Italian Opera Festival – L’Incoronazione di Poppea – Claudio Monteverdi
English National Opera
On October 2000 I saw another opera part of ENO’s Italian Opera Season at the Coliseum
The Coronation of Poppea by Monteverdi conducted by Harry Christopher.
It was another update of an opera, a sexy, raucous update with Nerone the gifted American countertenor David Walker entering naked and carrying his pants and he’s definitely no castrato!!! He’s equally at home with is adolescent experimentations with boys yet passionately obsessed with Poppea (Alice Coote, a superb Poppea who is either seen half-nude in a sheet or casually dressed). The black American Eric Owens was magnificent as Seneca.
Michael Chance as Ottone gave a hilarious performance as he hurtled around the walkway in drag in high-heeled sandals after his failed assassination of Poppea and his losing patience with Susan Gritton’s twittering Drusilla: “Will you listen” he suddenly shouts at her. And Poppea’s “But….” when, in the midst of a steamy love session with Nero she changes the subject to the little matter of disposing of Seneca! An opera of bed-hopping Romans, cross-dressing, a power-crazed courtesan and masses of debauchery. The action takes place in Rome, 65AD where Fortune, Virtue and Love vie with each other. Love declares that his supremacy will be evident this very day.
Ottone has returned from abroad and longs to see Poppea once again. Observing two imperial bodyguards outside her palace, he realizes that Nerone must be inside and that Poppea has betrayed him. After a night of lovemaking Poppea and Nerone take leave of one another, and Nerone promises Poppea that she will take Ottavia’s place as empress. With her old nurse, Arnalta, Poppea muses on her ambition for the throne. With Love on her side she boasts that nothing can stand in her way. Arnalta warns her that she is playing a dangerous game.
Ottavia laments her situation. Rejected by Nero, she faces losing husband and position. She dismisses the Damigella’s suggestion that she take a lover. The elder statesman Seneca offers Ottavia different advice: she should exercise restraint and retain her dignity. Nerone tells Seneca that he intends to divorce Ottavia and marry Poppea. Poppea recognizes that Seneca represents the greatest obstacle in her path to the throne. She tells Nerone that Seneca is the real power behind the throne and the emperor immediately orders that Seneca must commit suicide.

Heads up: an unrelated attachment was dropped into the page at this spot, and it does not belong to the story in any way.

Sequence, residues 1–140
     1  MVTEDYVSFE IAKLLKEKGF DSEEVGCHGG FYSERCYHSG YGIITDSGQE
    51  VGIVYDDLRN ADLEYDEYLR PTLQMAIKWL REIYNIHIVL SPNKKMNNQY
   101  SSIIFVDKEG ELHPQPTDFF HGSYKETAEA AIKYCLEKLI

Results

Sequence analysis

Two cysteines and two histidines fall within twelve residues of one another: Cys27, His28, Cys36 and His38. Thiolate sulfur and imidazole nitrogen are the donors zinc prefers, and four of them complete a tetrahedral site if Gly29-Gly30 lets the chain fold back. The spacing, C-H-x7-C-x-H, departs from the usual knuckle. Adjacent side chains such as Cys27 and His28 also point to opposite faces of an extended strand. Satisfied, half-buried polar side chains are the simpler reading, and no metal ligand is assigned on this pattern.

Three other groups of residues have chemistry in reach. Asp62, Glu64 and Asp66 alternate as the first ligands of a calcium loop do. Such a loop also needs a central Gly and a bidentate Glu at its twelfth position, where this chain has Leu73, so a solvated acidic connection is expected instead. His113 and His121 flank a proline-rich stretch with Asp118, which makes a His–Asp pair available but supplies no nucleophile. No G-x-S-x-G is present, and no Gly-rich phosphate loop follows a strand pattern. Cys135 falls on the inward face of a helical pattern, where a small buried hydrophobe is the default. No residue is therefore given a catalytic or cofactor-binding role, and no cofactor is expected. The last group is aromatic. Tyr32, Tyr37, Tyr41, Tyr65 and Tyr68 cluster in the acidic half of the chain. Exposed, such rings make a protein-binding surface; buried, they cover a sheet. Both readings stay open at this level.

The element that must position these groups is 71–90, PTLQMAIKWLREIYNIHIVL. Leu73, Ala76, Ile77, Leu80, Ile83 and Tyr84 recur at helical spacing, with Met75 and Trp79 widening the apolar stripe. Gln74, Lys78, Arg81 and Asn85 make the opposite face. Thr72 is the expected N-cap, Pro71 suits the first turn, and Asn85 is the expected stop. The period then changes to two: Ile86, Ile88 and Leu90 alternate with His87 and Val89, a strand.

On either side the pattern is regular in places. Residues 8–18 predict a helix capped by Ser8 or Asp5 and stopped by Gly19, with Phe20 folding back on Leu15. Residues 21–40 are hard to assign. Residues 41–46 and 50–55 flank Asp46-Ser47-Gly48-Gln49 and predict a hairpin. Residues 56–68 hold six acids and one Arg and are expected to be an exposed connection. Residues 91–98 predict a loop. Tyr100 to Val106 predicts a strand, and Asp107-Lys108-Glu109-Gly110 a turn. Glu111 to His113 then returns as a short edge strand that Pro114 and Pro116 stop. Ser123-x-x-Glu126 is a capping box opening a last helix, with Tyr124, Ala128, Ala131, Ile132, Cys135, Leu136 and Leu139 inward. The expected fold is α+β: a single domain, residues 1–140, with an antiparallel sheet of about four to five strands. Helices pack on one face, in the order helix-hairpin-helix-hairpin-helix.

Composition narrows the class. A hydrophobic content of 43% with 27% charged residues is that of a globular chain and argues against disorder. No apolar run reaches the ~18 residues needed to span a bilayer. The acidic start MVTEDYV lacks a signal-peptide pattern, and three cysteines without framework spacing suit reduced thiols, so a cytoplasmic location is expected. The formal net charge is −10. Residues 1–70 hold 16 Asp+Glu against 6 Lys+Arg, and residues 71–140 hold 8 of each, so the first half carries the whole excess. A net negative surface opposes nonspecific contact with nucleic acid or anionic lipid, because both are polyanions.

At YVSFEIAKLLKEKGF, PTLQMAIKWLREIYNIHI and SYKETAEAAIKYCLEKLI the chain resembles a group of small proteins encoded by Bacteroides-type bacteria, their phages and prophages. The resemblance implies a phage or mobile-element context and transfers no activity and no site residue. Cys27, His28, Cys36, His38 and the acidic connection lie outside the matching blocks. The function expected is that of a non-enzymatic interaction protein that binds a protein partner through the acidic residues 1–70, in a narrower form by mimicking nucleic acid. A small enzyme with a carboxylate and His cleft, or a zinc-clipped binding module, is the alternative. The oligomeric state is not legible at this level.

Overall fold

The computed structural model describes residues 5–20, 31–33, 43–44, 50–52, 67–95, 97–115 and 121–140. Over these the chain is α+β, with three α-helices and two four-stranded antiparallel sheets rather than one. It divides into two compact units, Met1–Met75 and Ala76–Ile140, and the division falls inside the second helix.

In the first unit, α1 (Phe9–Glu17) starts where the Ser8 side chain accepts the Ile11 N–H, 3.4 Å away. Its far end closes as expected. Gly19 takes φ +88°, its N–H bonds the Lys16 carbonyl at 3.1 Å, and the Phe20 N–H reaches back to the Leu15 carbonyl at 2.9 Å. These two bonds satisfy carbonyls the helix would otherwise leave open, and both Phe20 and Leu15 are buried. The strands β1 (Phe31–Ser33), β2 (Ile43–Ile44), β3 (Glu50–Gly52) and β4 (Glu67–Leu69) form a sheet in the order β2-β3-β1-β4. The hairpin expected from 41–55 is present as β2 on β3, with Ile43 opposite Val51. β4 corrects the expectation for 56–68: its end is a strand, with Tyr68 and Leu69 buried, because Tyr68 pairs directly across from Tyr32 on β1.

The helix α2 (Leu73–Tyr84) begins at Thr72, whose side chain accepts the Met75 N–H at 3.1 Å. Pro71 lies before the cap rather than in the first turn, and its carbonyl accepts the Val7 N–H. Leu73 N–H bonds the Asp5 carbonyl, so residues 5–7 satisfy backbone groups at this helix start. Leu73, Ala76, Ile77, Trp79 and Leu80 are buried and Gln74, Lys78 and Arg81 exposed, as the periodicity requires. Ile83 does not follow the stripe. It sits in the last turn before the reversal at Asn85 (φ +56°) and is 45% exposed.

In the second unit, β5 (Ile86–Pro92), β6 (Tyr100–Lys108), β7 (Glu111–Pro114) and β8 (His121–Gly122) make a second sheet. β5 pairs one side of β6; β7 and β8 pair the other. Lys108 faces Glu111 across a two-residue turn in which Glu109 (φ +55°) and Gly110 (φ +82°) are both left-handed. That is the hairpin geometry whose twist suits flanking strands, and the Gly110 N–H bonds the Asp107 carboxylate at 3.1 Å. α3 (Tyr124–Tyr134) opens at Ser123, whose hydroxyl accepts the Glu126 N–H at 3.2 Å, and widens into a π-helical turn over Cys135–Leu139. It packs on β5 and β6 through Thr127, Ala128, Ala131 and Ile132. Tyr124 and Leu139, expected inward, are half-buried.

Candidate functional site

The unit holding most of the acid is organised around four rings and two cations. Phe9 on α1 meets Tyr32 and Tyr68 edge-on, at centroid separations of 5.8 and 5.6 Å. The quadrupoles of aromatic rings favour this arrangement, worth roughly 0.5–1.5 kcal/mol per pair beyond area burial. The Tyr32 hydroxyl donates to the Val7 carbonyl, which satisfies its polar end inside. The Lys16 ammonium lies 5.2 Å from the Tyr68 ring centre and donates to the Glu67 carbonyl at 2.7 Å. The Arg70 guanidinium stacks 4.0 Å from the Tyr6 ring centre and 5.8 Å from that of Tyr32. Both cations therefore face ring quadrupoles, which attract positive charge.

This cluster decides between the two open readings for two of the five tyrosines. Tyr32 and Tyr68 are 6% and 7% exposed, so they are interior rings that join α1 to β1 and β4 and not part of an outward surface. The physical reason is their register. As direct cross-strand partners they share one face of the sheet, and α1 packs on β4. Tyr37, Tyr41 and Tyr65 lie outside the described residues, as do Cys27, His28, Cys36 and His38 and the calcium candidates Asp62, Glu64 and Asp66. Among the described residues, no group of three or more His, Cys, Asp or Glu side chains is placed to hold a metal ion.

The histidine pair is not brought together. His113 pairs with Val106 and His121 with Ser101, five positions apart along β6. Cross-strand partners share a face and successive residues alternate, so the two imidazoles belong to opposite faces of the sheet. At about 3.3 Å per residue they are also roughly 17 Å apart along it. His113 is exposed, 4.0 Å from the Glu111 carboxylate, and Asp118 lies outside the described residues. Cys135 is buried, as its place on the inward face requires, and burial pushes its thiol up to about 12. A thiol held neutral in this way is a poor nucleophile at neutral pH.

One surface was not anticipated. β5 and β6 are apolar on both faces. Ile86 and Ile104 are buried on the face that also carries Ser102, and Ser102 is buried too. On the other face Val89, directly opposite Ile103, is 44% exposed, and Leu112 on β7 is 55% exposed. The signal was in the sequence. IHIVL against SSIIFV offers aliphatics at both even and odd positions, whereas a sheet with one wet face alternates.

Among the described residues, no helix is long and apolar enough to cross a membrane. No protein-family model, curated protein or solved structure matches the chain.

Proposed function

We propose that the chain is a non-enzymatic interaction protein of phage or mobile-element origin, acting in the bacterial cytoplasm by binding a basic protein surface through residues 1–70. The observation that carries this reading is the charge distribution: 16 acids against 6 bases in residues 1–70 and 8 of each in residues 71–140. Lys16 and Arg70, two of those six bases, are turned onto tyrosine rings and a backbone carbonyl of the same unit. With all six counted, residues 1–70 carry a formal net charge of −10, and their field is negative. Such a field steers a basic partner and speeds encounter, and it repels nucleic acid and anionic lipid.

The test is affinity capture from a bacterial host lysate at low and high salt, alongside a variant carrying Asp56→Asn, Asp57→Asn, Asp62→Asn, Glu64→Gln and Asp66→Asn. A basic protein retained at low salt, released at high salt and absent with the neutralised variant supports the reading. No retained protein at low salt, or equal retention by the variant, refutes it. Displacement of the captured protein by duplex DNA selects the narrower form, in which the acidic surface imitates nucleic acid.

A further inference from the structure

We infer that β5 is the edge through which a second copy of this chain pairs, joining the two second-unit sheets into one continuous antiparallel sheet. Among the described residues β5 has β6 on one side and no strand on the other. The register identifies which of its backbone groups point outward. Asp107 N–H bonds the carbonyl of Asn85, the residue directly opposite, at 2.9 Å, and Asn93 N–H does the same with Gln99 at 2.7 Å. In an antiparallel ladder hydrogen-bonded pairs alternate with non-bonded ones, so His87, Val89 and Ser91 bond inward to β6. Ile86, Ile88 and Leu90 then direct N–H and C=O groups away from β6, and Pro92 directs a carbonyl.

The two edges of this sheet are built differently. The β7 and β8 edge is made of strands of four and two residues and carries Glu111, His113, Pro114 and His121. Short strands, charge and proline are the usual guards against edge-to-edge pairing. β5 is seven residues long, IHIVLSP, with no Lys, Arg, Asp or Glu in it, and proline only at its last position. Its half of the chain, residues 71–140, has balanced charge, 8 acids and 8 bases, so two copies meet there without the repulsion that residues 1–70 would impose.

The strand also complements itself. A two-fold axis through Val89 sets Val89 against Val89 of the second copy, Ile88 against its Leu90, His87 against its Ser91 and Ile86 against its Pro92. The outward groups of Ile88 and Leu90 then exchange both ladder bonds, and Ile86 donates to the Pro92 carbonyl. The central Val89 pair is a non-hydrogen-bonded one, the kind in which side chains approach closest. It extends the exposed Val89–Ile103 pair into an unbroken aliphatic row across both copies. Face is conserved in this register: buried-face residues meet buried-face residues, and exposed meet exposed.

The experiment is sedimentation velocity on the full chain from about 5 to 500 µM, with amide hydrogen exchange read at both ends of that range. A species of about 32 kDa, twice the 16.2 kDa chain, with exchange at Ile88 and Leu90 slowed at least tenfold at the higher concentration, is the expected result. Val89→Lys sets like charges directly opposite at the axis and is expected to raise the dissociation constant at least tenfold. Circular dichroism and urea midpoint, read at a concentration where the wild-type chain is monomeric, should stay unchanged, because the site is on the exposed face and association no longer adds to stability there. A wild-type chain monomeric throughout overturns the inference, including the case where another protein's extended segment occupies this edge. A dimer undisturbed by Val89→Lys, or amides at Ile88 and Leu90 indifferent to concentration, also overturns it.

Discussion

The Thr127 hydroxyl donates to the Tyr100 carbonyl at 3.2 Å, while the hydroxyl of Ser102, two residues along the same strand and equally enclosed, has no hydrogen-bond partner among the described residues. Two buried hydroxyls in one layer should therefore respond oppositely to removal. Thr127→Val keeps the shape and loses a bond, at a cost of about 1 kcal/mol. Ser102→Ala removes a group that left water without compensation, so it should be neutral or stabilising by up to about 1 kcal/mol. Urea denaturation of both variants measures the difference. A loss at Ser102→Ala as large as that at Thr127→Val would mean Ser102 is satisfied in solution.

Ottone reproaches Poppea for her infidelity but she dismisses his entreaties. He decides to forget Poppea and offers Drusilla (who is in love with him) his heart, but it is a promise he knows he can not keep. Seneca is alone in his garden. Mercury, messenger of the gods, appears and tells him that he should prepare for death. Seneca welcomes this news and, surrounded by his friends, Seneca socially prepares to commit suicide.
Nerone, elated by news of Seneca’s death, joins his friend Lucano in praising Poppea’s beauty. Ottavia, unable to bear the indignity of her situation any longer, commands Ottone to kill Poppea and suggests he will be less easily apprehended if he disguises himself as a woman. She threatens him with blackmail when at first he rejects her orders. Drusilla rejoices in Ottone’s love. Ottone enters, distraught. He reveals that Ottavia has ordered him to kill Poppea and asks Drusilla if he may borrow her clothes for his disguise. Drusilla readily agrees.
In her garden, Poppea prays that Love will ensure her marriage to Nerone. Soothed by Arnalta’s lullaby, she falls asleep. Love appears and will protect Poppea while she rests. Ottone, disguised as Drusilla, attempts to murder Poppea, but Love has protected her and the alarm is raised. Ottone managed to escape but not before Poppea and Arnalta mistakenly identify the assassin as Drusilla. Love is jubilant at saving Poppea’s life.
Drusilla is seized and before Nerone she is accused of the attempted murder. Although at first she denies the charge, when threatened with torture she pleads guilty rather than betray Ottone. Ottone then confesses his crime, blaming Ottavia for instigating it. Nerone shows mercy to Drusilla but exiles Ottone. Drusilla begs to go into exile with Ottone and Nerone grants her plea. The emperor now has the perfect excuse to repudiate Ottavia and banishes her from Rome. Ottavia, no longer empress, takes leave of her homeland. Arnalta congratulates herself on her new, elevated status as the empress’s nurse. Poppea and Nerone rejoice in their love.
Another highlight was Nero’s gay orgy with a group of dancers got up in furry trousers like Matthew Bourne’s swans; and Anne-Marie Owen’s beautifully sung lullaby in sharp contract to the mainly debauched proceedings.
The Coronation of Poppea was written in 1642, libretto by Giovanni Francesco Busenello. In 1602 he was appointed orchestra leader and in 1613 Director of Music at St.Mark’s Venice where he remained until his death in 1643, holding his musical appointments at St. Mark’s for no less than 41 years. Monteverdi said he tried to tie melody and words so closely together that it would be a “soulless body if the words were taken away”. It was also he who invented pizzicato (plucking of the strong) and the tremolo (trill). He was also one of the forerunners in developing recitative (declamatory song).
Wagner himself called The Coronation of Poppea a music drama (which was what Wagner’s operas were) because of Monteverdi’s ingenious use of the leitmotiv, so Monteverdi was well ahead of his time! (The leitmotiv is a short theme or motif which appears throughout a work associated with a character or idea and which reoccurs changing in harmony or rhythm to suit the situation. The term was coined by H. von Wolzogen to describe Wagner’s use of it. Wagner was the fist to use the leitmotiv consistently.)